So far, books concerning a much under written-about hero of early England, called Hereward. Or Hereward The Wake.
Before reading these books, I couldn’t have told you any more about the historical Hereward than that.
(The Time of the Wolf is the US title for Hereward. It’s (very nearly) exactly the same book)
1062, a time many fear is the End of Days.
With the English King Edward heirless and ailing, William, Duke of Normandy waits for the moment when he can drown England in a tide of blood.
The ravens of war are gathering, while the king’s closest advisors do nothing but scheme and squabble amongst themselves. Hopes of resisting the would-be conqueror come to rest with just one man: Hereward.
To some a brave and cunning warrior, to others a devil in human form. Hereward is as adept in the art of slaughter as the foes that gather to claim England’s throne. However, his enemies at court have made him outlaw and Hereward must carve a swathe from the frozen hills of Northumbria to the fenlands of East Anglia to stay alive, and a free man…
Hereward The Devil’s Army
(The Winter Warrior is the US title of the UK Hereward The Devil’s Army. I haven’t got it, but intend to get it, so I can’t tell you if it is exactly the same book, but chances are, spellings apart, it is)
1067. The battle of Hastings has been lost. Harold Goodwinson is dead. The iron fist of William the Bastard has begun to squeeze the life out of England. Villages are torched and men, women and children put to the sword as the Norman king attempts to impose his cruel will upon the unruly nation.
But there is one who stands in the way of the invader’s savagery. He is called Hereward. He is a warrior and master tactician and as adept at slaughter as the imposter who sits upon the throne. And he is England’s last hope.
In a Fenlands fortress of water and wild wood, Hereward’s resistance is simmering. His army of outcasts grows by the day – a devil’s army that emerges out of the mists and the night, leaving death in its wake.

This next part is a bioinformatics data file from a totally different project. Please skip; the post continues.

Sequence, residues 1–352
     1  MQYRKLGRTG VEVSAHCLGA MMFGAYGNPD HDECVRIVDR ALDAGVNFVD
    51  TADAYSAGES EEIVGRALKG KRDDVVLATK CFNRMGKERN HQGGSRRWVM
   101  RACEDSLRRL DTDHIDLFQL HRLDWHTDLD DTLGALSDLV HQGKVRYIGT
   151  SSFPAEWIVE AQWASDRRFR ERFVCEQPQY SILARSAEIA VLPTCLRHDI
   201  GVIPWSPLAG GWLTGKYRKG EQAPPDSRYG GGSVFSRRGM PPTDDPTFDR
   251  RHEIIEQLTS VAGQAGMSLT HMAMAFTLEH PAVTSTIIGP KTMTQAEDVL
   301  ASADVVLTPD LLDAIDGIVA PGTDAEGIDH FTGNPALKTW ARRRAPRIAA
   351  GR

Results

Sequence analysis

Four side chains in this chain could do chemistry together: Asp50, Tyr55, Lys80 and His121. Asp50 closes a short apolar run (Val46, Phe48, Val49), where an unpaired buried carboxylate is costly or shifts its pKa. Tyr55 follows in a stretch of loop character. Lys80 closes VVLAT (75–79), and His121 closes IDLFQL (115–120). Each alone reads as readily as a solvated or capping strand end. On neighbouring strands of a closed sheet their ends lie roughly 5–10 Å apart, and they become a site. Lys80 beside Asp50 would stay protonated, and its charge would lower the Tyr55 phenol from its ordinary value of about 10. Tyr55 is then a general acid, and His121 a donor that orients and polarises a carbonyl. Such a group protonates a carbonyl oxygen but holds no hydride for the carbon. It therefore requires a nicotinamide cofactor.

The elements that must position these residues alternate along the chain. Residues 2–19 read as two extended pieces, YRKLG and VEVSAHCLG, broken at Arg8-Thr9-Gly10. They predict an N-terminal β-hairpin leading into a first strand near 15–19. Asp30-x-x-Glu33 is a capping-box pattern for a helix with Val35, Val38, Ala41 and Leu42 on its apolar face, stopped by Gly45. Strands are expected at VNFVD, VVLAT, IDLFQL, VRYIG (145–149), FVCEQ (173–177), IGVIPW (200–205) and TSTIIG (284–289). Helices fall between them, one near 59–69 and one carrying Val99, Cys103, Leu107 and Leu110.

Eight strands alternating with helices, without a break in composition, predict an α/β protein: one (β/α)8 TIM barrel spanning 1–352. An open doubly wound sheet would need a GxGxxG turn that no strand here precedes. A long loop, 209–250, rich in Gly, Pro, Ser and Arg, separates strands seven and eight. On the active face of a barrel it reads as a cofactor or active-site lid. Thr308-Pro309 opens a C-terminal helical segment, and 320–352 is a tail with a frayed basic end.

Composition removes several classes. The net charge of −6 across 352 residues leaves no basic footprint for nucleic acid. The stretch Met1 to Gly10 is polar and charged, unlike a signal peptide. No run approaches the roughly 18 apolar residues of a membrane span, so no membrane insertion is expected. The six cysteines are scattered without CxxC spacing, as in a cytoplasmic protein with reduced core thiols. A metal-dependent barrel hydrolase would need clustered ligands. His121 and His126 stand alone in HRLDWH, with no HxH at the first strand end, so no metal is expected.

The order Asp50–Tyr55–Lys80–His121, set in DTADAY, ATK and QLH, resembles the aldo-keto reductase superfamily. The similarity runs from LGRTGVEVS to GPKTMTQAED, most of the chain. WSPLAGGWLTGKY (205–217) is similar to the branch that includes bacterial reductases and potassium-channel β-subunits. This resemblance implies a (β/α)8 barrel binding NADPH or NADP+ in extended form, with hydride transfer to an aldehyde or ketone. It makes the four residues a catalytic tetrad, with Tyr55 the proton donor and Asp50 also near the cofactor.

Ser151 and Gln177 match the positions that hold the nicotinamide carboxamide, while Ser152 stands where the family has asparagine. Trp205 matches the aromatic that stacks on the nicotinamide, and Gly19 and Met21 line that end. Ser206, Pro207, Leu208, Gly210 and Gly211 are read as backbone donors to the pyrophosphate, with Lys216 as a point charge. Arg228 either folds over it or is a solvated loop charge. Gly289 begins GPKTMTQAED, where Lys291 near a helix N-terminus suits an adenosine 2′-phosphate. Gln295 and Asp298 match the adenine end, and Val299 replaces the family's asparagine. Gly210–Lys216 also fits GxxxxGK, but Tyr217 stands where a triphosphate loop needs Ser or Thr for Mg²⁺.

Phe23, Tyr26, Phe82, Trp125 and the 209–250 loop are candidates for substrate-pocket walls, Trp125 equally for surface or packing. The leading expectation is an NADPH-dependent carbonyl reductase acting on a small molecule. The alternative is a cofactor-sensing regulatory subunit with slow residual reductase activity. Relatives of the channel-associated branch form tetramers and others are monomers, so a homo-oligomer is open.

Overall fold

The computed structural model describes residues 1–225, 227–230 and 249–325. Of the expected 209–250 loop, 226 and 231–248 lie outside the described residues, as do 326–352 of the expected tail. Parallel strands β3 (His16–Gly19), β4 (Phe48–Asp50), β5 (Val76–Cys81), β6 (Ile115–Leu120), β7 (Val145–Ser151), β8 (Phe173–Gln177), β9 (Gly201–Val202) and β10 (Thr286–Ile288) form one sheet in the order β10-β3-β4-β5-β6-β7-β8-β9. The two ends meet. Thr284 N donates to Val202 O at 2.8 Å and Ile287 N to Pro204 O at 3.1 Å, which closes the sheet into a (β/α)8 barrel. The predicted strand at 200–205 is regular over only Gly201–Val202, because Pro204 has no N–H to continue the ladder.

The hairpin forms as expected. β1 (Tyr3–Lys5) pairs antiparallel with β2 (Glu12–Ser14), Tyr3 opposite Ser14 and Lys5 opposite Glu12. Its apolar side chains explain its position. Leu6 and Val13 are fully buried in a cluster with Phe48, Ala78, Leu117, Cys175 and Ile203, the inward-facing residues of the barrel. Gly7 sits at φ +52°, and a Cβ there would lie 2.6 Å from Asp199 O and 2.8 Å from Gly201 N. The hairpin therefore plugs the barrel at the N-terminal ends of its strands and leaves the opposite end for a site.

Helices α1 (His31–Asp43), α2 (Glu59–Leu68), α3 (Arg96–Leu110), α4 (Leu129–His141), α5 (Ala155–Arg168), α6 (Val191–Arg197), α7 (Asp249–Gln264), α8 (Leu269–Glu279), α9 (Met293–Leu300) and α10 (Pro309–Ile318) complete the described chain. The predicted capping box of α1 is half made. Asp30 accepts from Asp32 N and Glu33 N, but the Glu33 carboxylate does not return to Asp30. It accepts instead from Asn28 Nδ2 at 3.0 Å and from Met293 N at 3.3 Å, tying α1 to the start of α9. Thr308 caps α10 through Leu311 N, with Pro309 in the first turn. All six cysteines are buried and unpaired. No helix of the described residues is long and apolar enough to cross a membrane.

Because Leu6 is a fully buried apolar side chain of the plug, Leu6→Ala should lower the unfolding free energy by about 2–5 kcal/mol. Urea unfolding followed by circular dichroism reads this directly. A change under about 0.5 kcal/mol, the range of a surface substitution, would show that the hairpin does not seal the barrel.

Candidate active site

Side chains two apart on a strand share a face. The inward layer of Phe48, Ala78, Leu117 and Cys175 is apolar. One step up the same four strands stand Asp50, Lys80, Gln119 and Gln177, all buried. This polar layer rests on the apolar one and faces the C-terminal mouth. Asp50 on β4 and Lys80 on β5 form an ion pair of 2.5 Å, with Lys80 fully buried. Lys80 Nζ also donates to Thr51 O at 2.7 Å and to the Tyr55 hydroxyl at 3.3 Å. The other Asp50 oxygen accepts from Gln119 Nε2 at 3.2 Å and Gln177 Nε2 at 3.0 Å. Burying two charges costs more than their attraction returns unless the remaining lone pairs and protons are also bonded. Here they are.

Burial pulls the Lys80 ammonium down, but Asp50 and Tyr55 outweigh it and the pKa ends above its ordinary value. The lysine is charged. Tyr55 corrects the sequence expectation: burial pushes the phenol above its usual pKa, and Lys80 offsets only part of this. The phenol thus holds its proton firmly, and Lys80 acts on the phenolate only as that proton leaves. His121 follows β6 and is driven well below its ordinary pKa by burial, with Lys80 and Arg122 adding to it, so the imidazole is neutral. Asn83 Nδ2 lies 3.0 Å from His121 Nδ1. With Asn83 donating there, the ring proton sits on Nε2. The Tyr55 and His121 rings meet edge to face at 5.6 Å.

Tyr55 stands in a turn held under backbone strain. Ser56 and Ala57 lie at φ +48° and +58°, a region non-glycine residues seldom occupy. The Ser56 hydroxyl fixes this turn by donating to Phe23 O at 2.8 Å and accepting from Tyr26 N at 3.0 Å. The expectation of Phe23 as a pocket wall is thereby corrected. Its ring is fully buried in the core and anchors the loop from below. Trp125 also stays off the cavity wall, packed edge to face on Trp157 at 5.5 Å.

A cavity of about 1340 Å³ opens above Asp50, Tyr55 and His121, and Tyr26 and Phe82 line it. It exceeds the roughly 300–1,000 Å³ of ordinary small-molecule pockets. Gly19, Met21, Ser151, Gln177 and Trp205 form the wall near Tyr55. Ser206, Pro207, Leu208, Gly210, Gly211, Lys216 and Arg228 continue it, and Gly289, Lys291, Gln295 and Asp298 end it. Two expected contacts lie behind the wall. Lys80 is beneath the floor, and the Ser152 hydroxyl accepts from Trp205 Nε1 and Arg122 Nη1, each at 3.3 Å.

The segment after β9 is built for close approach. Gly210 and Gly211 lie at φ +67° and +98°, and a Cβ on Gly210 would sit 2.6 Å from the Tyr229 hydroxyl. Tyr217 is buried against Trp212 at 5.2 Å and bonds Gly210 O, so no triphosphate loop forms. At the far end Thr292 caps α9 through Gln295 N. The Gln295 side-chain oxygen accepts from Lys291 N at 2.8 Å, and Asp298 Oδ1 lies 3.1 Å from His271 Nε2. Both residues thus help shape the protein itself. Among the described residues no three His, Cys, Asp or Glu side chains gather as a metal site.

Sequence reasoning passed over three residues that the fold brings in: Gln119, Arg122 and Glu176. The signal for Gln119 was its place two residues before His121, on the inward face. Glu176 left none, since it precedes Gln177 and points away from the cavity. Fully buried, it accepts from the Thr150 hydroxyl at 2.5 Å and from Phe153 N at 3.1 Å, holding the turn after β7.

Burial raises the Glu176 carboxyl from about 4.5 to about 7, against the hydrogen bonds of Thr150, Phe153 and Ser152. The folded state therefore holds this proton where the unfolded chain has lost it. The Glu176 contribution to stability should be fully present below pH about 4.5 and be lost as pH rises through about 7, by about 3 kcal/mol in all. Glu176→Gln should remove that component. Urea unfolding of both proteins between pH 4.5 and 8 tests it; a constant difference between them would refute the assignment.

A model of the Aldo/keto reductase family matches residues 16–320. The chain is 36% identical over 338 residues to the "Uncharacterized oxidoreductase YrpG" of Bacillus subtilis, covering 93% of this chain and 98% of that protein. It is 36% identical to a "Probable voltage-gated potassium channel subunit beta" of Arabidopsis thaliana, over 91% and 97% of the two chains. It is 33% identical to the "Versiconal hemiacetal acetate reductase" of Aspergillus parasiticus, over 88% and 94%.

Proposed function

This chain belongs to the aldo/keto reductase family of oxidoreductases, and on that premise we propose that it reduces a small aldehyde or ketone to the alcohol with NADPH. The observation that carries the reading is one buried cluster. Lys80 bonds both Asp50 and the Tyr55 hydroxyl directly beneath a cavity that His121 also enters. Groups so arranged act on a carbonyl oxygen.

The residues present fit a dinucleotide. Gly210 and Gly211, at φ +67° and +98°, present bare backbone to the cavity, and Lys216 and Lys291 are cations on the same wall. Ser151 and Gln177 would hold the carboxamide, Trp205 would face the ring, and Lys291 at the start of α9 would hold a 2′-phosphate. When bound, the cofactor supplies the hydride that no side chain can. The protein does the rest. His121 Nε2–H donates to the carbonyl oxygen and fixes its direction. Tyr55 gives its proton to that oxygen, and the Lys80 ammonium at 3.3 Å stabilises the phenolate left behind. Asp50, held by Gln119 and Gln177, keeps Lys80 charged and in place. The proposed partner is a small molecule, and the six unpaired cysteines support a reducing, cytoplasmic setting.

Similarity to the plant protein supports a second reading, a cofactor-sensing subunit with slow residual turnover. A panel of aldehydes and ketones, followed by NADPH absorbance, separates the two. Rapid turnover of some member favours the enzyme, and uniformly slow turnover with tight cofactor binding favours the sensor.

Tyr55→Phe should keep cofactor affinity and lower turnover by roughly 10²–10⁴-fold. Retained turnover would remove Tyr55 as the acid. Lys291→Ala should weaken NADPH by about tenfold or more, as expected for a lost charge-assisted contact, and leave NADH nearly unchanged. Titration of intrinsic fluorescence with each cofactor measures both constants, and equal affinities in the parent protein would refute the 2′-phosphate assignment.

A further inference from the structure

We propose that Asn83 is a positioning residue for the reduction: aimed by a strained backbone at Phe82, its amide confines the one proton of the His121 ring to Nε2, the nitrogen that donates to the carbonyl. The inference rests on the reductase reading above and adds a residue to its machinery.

But William is not easily cowed. Under the command of his ruthless deputy, Ivo Taillebois – a man they call ‘the Butcher’ – the Norman forces will do whatever it takes to crush the rebels, even if it means razing the country to the ground.
Here then is the tale of the bloodiest rebellion England has ever known – the beginning of an epic struggle that will echo down the years…
Hereward End of Days
England, 1071. Five years have passed since the crushing Norman victory at the Battle of Hastings. The country reels under the savage rule of the new king, the one they call ‘the Bastard’. The North has been left a wasteland – villages razed, innocents put to the sword, land stolen. It seems no atrocity is too great to ensure William’s grip upon the crown. Rats feed upon fields of the dead
And now he turns his cold gaze east, towards the last stronghold of the English resistance. After years of struggle, he will brook no further challenge to his power: his vast army masses and his siege machines are readied.
In their fortress on the Isle of Ely, the English have put their faith in the only man who might defeat the murderous invaders. He is called Hereward. He is a warrior and a master tactician – as adept at slaughter as his enemy and plans have been been set in motion for a bloody uprising that will sweep the Norman king off the throne once and for all.
But Hereward is missing. With their hopes of victory dwindling, can the English rebels find the leader who seems to have abandoned them before William the Bastard begins his final, devastating assault that will truly be the end of days…
Here is a tale of heroism and treachery – and the bloodiest rebellion England has ever known.
A Biography of sorts, from the book jacket:
James Wilde is a man of Mercia. Raised surrounded by books, he went on to study economic history at university before travelling the world in search of adventure.
Unable to forget a childhood encounter – in the pages of a comic – with the great English warrior Hereward. Wilde returned to the haunted Fenlands of Eastern England, Hereward’s ancestral home, where he became convinced that this near-forgotten hero should be the subject of his first novel. ‘Hereward’ was a best seller.
Wilde indulges his love of history and the high life in the home his family have owned for several generations in the heart of a Mercian forest.